Value Metrics Extend Lean Thinking into the Demand Chain

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Lean Thinking has been all about eliminating waste in the production of products or services – until now. Recent studies using the metrics of customer value now reveal that many value-adding activities extend beyond production and reside in the distribution of those products and services.

Lean Thinking has been all about eliminating waste in the production of products or services – until now. Recent studies using the metrics of customer value now reveal that many value-adding activities extend beyond production and reside in the distribution of those products and services. Based on research across both manufacturing and services industries, a new publication from ASQ’s Quality Press, Value-Driven Channel Strategy: Extending the Lean Approach, reveals that Lean initiatives take on a much more strategic quality when extended into channels of distribution, and when driven by the voice of the customer. Nominated for the prestigious Shingo Prize for Excellence in Manufacturing, Value-Driven Channel Strategy extends the tools of Lean beyond the supply chain and into the demand chain.

Authors Reidenbach and Goeke challenge the conventional wisdom of Lean Thinking, and argue that it can and should be much more than a tactical cost-cutting tool. According to Reidenbach, “The leading proponents of Lean Thinking, including Womack and others at the Lean Enterprise Institute, have long argued that Lean initiatives should be driven by the ‘precise definition of value.’ The recent availability of sophisticated metrics to understand market definitions and perceptions of value makes that concept an empirical reality.” Moreover, adds Goeke, “Research now shows that much of that value resides in the demand chain, which should be the focus of future Lean activities at many companies.”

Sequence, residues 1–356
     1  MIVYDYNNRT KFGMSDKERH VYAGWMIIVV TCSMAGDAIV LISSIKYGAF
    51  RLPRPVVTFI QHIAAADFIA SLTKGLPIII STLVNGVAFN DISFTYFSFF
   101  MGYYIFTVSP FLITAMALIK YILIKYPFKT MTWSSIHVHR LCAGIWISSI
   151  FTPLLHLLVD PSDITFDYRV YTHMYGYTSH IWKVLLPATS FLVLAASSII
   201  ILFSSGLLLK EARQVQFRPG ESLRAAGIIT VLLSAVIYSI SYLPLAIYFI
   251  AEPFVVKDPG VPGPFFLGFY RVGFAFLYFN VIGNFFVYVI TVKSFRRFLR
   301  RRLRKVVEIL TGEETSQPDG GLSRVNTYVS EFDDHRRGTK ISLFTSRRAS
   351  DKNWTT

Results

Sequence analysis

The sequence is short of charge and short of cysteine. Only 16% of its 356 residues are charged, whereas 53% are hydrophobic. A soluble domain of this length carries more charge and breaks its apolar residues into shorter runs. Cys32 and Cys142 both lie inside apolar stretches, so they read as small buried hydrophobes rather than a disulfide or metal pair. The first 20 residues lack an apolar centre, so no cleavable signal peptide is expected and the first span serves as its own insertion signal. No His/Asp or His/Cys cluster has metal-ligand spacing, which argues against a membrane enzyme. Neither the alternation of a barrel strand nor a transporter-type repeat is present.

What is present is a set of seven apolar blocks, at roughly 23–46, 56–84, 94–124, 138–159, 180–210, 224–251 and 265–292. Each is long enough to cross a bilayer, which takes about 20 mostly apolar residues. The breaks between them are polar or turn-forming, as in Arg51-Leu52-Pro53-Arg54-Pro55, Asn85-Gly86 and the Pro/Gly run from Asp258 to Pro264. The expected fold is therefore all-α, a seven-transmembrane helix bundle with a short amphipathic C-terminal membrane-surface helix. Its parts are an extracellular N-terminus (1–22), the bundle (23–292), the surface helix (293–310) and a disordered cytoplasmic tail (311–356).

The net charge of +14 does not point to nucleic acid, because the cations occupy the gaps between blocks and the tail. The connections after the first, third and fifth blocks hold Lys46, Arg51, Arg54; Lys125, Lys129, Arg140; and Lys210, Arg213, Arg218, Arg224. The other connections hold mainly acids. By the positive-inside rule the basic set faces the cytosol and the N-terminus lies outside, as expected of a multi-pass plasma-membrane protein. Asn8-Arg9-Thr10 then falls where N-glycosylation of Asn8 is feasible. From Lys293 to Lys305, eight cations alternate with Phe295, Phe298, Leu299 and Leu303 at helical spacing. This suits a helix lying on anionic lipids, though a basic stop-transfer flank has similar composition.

Drs. Reidenbach and Goeke provide a template for quantifying the voice of the market, and an 8-step process for using the market’s precise definition of value to enhance the organization’s value-delivery capacity from the point of production to the point of consumption. Marketing executives find the book useful because “it demonstrates a structured approach for defining and weighting the drivers of true value.” Quality professionals like the fact that “The connection of drivers of value and value mapping promote a focused, prioritized way of working on potential improvements that mean something to the customer!” The book includes numerous examples of how Lean Thinking is made more strategic when driven by value and extended into the distribution system.

Market Value Solutions (MVS) is a company specializing in the measurement and management of customer value. MVS has developed a unique and powerful process for driving Lean and Six Sigma initiatives with the voice of the market, releasing the strategic power of both quality tools.

If you’d like more information about this topic, or to schedule an interview with Eric Reidenbach, please call Reg Goeke at 814-234-2486, or email via http://www.marketvaluesolutions.com.

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Reg Goeke
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